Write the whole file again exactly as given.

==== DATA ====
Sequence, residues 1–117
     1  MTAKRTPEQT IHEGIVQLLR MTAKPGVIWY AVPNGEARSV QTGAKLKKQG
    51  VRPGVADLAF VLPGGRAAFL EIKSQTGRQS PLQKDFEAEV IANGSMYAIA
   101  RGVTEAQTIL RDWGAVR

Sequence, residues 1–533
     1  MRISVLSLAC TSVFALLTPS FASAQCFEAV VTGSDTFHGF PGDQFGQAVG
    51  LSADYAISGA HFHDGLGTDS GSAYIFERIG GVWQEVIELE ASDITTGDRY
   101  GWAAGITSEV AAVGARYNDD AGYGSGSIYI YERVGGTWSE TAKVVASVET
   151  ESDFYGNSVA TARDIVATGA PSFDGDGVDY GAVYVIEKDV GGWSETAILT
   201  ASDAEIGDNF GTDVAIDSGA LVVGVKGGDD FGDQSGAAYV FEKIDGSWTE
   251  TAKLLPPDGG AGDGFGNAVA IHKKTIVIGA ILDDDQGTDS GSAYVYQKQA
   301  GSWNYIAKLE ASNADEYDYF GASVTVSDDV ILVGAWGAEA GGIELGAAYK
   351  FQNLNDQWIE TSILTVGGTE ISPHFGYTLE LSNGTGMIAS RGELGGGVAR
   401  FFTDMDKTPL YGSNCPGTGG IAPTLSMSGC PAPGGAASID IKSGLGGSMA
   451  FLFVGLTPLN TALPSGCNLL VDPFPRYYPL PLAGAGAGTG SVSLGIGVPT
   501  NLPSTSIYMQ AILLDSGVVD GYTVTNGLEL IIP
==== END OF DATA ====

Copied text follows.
Sequence, residues 1–117
     1  MTAKRTPEQT IHEGIVQLLR MTAKPGVIWY AVPNGEARSV QTGAKLKKQG
    51  VRPGVADLAF VLPGGRAAFL EIKSQTGRQS PLQKDFEAEV IANGSMYAIA
   101  RGVTEAQTIL RDWGAVR

Sequence, residues 1–533
     1  MRISVLSLAC TSVFALLTPS FASAQCFEAV VTGSDTFHGF PGDQFGQAVG
    51  LSADYAISGA HFHDGLGTDS GSAYIFERIG GVWQEVIELE ASDITTGDRY
   101  GWAAGITSEV AAVGARYNDD AGYGSGSIYI YERVGGTWSE TAKVVASVET
   151  ESDFYGNSVA TARDIVATGA PSFDGDGVDY GAVYVIEKDV GGWSETAILT
   201  ASDAEIGDNF GTDVAIDSGA LVVGVKGGDD FGDQSGAAYV FEKIDGSWTE
   251  TAKLLPPDGG AGDGFGNAVA IHKKTIVIGA ILDDDQGTDS GSAYVYQKQA
   301  GSWNYIAKLE ASNADEYDYF GASVTVSDDV ILVGAWGAEA GGIELGAAYK
   351  FQNLNDQWIE TSILTVGGTE ISPHFGYTLE LSNGTGMIAS RGELGGGVAR
   401  FFTDMDKTPL YGSNCPGTGG IAPTLSMSGC PAPGGAASID IKSGLGGSMA
   451  FLFVGLTPLN TALPSGCNLL VDPFPRYYPL PLAGAGAGTG SVSLGIGVPT
   501  NLPSTSIYMQ AILLDSGVVD GYTVTNGLEL IIP